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Hi. Im evaluating potentially using Clara for one of our use cases. Can you imagine a sensible way to be able to determine the start-time and end-time of a given rule execution? Say I have a rule that has some expensive operation… I’d like to be able to record when it started and ended, ideally without adding the required code to the rule itself and adding the values to the emitted fact (as it would be great if all rules exposed this information implicitly). I’ve started looked into: • The inspect + trace tools dont seem to provide it • Creating a new Listener, but this may be a bad idea given it would no longer be immutable if its calling out for the current time? • Creating a macro and extend the parsing logic to wrap the rule execution somehow Any thoughts / suggestions appreciated. Many thanks


@mbragg I don’t think it’s as straightforward as perhaps it seems. Rules aren’t the same as something like a fn body that you can time


The rules are structures that are used to create a rete based data flow tree (forest really)


Some examples of the complexity: (1) In some cases LHS conditions from separate rules may end up being shared as one common node in this tree. (2) rule conditions are nodes on the tree. They have varying degrees of eager vs lazy behavior. In most cases, the engine tries to batch facts up prior to evaluation of conditions


(3) before fire-rules happens a certain degree of evaluation takes place. Once fire-rules happens more work is done but always oriented towards batched fact propagation.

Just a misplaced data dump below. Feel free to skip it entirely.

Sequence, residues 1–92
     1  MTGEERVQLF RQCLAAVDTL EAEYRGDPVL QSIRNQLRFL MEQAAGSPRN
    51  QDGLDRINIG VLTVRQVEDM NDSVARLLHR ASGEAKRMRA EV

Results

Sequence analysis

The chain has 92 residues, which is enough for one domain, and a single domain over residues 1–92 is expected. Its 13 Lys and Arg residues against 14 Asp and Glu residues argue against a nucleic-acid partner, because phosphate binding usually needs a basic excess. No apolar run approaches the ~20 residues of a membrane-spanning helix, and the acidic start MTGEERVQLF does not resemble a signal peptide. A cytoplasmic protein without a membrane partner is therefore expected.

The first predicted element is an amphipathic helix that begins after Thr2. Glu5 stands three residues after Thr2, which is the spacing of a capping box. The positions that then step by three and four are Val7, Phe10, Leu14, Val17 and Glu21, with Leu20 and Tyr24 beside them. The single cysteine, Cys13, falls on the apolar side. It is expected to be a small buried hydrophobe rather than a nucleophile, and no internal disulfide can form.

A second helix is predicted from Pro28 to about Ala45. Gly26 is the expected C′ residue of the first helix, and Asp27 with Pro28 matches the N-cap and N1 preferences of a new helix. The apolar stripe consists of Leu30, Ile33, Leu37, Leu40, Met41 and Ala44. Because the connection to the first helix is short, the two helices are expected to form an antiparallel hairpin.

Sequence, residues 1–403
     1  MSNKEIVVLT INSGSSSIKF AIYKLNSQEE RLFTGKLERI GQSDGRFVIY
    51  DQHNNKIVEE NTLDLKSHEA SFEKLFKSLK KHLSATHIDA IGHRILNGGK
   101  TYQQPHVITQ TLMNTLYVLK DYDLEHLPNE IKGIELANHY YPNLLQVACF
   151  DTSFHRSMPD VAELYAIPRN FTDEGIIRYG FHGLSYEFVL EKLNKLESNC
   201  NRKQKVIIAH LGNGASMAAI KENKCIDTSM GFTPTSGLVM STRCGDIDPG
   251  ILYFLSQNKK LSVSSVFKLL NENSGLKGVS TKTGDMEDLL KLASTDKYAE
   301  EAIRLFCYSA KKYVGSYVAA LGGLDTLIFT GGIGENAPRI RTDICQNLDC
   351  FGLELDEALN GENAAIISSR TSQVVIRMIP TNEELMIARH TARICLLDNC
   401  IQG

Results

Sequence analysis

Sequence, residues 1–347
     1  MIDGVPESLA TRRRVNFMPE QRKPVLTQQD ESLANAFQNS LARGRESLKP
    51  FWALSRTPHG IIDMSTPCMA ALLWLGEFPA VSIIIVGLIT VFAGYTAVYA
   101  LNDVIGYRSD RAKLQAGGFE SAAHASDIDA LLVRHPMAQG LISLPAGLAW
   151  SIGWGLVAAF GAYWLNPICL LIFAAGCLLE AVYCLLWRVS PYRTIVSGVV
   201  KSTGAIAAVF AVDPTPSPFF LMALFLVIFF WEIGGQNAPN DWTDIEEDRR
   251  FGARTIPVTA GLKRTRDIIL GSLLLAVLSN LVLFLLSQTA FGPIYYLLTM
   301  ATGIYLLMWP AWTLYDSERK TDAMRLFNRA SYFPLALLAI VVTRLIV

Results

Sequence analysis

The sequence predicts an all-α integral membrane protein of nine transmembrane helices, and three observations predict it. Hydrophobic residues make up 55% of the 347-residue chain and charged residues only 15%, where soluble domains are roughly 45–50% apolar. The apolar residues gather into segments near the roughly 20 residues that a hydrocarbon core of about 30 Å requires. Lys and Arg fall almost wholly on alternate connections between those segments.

The inspection/trace stuff can be useful to get a sense of how many times a condition is being evaluated/matched. This tends to just give a relative “count” to compare and often find the outliers.


But overall. The rules are more like “sql query structures” where they are then compiled to a network, like the “db eval plan”


So the concerns tend to be things like how many times is this “join condition” being evaluated given some facts.


With profiling you can find actually hot spot functions which sometimes end up being a fn used in a condition that is being evaluated a large number of times:

[MyFact (my-fn ...)]
If that condition has a large number of matches you may profile and see my-fn is a hot spot and looking to be a perf issue.

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Thanks @mikerod for the explanation, makes sense. I guess I was specifically meaning everything in the RHS do block for a given rule. But I can see it may not be that straight forward... especially if there’s batching involved.


In case a concrete demonstration helps for clarity, the rule RHS calls like insert! add things to a cache that will be processed later (the details of that probably aren’t super important here), the default implementation of which is in this file: It’s certainly possible to have a poorly-performing function called in a rule, for which profiling with something like VisualVM can be useful, but a simple timer isn’t necessarily much help with diagnosing poorly performing rules networks as Mike has elaborated on.


@mbragg the RHS is easier to time at least


I mean you can wrap that fairly easily - but still the time it takes to do the insert! sort of functions is where the batching happens